In Chile’s edgy Barrio Yungay, a progressive president moves in

Gabriel Boric shuns more affluent areas to live in a working-class neighbourhood

In Barrio Yungay, an edgy central Santiago neighbourhood, an artist-owned sourdough bakery rubs shoulders with the Chilean city's oldest barbershop and a mini-market with a flickering back light that sells vegetables, dairy products and snacks.

Now the district will be home to a president too, in a powerful sign of changing times in the Andean nation, where anger has risen in recent years over stark inequality and an entrenched ruling elite.

Gabriel Boric, a 36-year-old former student protest leader and lawmaker, will be sworn in as Chile's youngest-ever president on Friday, having pledged to rip up the country's conservative, market-orientated rule book and push progressive social reform.

Unlike his predecessors, Boric has opted to live in downtown Santiago rather than the capital's wealthy eastern zone of sprawling homes far from the dense city centre and flanked by the Andes. Chile has no official presidential residence.


“It’s good and notable that the president is coming to live in real Chile,” said Beatrice di Girolamo, who runs the bakery, half a block east from new barricades for presidential security.

“There are all kinds of people here. Homeless people, people who are well-off. There are ordinary people, elegant people. There’s a lot of immigration.”

Break from past

Boric, the head of a broad leftist coalition who came from outside the mainstream political parties, rattled the establishment with fiery rhetoric last year about tearing up Chile’s market-orientated model, though has moderated his tone since winning a December election, talking up gradual change.

However, he has looked to set store as a progressive, with a majority female cabinet for the first time in Chile’s history, strong support for LGBTQ groups and a focus on fighting climate change.

Boric’s team declined to comment on his choice of new home, but the message is clear: making a break from past political leaders many say had become disconnected from the people.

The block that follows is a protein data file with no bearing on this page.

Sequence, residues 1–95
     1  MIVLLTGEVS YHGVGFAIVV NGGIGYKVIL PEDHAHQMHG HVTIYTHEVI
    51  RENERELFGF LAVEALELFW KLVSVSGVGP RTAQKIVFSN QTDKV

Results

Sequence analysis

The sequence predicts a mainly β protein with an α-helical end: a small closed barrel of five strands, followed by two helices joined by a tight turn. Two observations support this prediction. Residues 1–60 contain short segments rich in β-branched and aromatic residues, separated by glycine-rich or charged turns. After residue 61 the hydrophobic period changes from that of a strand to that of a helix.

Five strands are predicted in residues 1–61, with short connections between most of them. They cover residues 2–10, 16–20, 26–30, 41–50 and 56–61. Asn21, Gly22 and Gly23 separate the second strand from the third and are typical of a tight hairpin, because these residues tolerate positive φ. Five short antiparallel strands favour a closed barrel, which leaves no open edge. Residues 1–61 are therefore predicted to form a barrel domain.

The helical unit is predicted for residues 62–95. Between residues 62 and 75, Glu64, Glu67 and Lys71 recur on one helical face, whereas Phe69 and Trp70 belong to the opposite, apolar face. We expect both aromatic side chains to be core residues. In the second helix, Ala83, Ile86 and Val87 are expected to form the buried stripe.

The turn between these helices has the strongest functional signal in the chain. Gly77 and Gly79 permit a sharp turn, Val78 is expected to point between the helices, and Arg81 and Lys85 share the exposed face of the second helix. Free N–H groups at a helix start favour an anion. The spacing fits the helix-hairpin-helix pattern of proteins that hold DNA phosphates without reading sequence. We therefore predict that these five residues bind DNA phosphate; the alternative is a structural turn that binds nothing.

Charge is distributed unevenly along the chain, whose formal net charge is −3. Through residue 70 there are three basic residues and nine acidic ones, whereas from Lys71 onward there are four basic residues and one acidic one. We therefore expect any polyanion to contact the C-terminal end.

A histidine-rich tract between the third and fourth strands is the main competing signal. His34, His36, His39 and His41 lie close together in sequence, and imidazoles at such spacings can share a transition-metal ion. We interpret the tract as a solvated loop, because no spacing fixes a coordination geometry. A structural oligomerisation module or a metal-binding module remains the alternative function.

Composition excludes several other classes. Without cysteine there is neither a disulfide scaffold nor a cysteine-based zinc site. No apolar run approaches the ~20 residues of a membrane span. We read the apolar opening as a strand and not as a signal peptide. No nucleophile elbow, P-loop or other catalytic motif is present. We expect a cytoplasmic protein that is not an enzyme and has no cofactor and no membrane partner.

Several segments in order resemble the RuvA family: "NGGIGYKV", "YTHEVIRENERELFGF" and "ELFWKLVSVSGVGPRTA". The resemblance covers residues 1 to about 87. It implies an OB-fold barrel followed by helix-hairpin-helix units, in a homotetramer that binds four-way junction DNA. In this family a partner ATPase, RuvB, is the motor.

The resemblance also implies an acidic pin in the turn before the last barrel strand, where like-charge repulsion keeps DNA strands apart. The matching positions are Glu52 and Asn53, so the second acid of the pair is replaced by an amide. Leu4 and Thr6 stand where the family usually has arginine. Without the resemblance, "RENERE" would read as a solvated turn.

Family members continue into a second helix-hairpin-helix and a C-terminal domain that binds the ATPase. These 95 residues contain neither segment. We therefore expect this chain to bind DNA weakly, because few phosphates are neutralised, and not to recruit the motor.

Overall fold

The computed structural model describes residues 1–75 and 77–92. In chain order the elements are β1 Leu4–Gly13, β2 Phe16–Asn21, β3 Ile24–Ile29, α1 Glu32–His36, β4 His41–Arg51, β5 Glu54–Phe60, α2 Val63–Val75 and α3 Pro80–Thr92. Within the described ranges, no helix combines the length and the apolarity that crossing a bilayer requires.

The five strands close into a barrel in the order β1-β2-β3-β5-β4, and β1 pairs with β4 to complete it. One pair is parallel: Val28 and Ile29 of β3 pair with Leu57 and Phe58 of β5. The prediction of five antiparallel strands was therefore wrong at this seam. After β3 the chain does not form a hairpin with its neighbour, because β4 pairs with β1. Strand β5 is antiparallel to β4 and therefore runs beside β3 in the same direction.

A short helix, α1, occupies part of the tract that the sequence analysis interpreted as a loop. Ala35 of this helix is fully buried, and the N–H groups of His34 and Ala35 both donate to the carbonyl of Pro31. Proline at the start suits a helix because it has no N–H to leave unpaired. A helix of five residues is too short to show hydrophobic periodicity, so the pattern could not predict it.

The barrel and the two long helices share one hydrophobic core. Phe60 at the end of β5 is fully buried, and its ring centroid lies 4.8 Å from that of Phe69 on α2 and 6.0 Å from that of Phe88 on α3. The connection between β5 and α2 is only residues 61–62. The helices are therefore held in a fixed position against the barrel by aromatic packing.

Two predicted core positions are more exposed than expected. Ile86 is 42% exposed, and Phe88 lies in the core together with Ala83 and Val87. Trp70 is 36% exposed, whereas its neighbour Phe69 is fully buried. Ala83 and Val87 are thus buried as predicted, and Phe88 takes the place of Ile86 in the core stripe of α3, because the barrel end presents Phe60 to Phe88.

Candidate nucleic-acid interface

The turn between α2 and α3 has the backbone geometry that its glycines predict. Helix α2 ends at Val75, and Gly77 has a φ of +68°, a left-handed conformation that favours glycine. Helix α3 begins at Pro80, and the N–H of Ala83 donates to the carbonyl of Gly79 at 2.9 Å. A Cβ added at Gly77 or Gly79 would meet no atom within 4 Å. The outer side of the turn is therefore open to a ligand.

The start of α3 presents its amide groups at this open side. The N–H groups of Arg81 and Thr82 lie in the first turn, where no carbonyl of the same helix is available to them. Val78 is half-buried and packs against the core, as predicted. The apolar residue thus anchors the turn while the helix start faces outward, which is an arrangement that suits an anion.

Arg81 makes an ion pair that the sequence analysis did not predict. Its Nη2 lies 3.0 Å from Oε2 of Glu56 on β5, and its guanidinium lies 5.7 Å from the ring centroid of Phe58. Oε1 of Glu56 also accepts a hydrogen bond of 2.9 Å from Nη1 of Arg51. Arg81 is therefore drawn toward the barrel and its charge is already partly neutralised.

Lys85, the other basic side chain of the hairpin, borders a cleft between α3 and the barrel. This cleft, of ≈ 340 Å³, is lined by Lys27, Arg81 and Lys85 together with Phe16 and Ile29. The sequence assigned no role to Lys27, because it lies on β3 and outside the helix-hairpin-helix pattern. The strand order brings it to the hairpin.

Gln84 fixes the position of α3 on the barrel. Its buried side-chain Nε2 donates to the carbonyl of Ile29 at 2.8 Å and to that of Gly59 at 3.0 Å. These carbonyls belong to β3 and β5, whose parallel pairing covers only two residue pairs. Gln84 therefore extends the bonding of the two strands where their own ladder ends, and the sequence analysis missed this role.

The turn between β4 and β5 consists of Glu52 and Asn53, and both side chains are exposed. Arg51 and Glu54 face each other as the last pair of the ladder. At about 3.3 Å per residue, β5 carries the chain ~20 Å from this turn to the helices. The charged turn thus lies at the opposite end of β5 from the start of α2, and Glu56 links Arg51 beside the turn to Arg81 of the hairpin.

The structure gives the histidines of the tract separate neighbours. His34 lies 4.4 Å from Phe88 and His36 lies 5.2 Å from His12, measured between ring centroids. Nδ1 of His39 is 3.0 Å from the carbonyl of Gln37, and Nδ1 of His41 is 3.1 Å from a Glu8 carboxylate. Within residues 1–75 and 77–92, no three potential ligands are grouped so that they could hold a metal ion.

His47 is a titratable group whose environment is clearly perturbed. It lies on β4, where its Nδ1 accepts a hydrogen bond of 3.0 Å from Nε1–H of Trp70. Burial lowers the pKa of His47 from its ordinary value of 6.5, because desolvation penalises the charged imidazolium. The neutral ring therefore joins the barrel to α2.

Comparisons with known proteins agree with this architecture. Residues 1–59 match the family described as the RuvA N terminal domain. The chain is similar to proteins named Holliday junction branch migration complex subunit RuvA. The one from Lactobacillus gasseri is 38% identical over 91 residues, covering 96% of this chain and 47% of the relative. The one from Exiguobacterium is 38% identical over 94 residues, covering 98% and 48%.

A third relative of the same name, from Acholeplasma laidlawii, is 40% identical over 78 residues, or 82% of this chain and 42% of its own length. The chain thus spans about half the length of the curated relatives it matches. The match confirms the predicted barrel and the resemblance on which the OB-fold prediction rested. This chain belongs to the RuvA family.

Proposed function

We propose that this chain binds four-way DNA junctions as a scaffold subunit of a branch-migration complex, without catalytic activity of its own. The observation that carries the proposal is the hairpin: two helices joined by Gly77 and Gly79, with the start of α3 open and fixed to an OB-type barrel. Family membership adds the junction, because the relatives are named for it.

Amid Santiago’s high rises, Yungay stands out with colourful one- and two-story buildings and a medley of elaborate murals. Perfectly preserved buildings stand next to others with crumbling facades.

The area also hints at some of the challenges facing Boric, who will need to keep Chile’s economy humming even as he looks to bolster environmental regulation of mining, bring down inflation, raise taxes for social spending and tackle fears about crime and immigration, key voter concerns.

Once an aristocratic neighbourhood, the area is now home to a working-class community and a melting pot for immigrants from Peru, Venezuela and Colombia.

Local crime

Carlos Noriega (45), owner of the Donde Carlitos mini-market on Boric's new street, said in the last three years local crime has picked up. He said his store was robbed at gunpoint in 2020, a year after violent months-long protests broke out against inequality that many blamed on a constitution dating to the Augusto Pinochet-era dictatorship.

Noriega and others said the area’s new neighbour had already brought benefits: less rubbish on the street, more security and graffiti being painted over. Boric has passed by his store, he said, but he’s still waiting for him to become a customer.

Others said Boric would have to get used to the neighbourhood’s rough edges.

Security teams have blocked off Boric’s busy street with gates and check every car entering, from government vehicles to beat-up old Volkswagens driven by locals.

Eliza Pacheco, who lives in front of the president’s new building with her husband and 12-year-old daughter, said she felt safer now, though worried about street protests on her doorstep.

“He has to assume the consequences of anything that happens. That’s his responsibility,” Pacheco said. “He has to adapt to us, we don’t have to adapt to him.”

Store owner Noriega said outgoing president Sebastian Pinera and others who came before lived on "another planet."

“He doesn’t live in reality with the rest of us,” said Noriega, who has owned his shop for the last 12 years after arriving from Peru soon after Chile’s return to democracy in 1990. – Reuters